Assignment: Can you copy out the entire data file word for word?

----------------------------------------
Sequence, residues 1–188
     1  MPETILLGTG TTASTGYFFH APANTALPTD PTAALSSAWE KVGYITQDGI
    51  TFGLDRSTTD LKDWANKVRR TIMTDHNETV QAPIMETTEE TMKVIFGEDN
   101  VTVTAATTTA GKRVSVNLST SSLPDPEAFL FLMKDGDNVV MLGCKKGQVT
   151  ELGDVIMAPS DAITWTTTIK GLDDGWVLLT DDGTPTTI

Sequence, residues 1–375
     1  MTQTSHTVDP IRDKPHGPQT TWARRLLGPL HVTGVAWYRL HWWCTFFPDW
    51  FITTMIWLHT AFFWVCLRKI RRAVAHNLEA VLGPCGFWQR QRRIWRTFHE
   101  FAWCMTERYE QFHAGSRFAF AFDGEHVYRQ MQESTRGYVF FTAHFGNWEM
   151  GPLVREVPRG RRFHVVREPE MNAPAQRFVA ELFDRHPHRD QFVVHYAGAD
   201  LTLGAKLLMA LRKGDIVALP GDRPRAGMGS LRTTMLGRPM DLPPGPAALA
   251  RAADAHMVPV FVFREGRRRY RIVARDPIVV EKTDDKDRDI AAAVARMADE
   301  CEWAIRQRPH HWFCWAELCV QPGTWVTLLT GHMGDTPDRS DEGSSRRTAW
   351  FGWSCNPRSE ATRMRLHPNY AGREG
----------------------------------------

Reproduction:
Sequence, residues 1–188
     1  MPETILLGTG TTASTGYFFH APANTALPTD PTAALSSAWE KVGYITQDGI
    51  TFGLDRSTTD LKDWANKVRR TIMTDHNETV QAPIMETTEE TMKVIFGEDN
   101  VTVTAATTTA GKRVSVNLST SSLPDPEAFL FLMKDGDNVV MLGCKKGQVT
   151  ELGDVIMAPS DAITWTTTIK GLDDGWVLLT DDGTPTTI

Sequence, residues 1–375
     1  MTQTSHTVDP IRDKPHGPQT TWARRLLGPL HVTGVAWYRL HWWCTFFPDW
    51  FITTMIWLHT AFFWVCLRKI RRAVAHNLEA VLGPCGFWQR QRRIWRTFHE
   101  FAWCMTERYE QFHAGSRFAF AFDGEHVYRQ MQESTRGYVF FTAHFGNWEM
   151  GPLVREVPRG RRFHVVREPE MNAPAQRFVA ELFDRHPHRD QFVVHYAGAD
   201  LTLGAKLLMA LRKGDIVALP GDRPRAGMGS LRTTMLGRPM DLPPGPAALA
   251  RAADAHMVPV FVFREGRRRY RIVARDPIVV EKTDDKDRDI AAAVARMADE
   301  CEWAIRQRPH HWFCWAELCV QPGTWVTLLT GHMGDTPDRS DEGSSRRTAW
   351  FGWSCNPRSE ATRMRLHPNY AGREG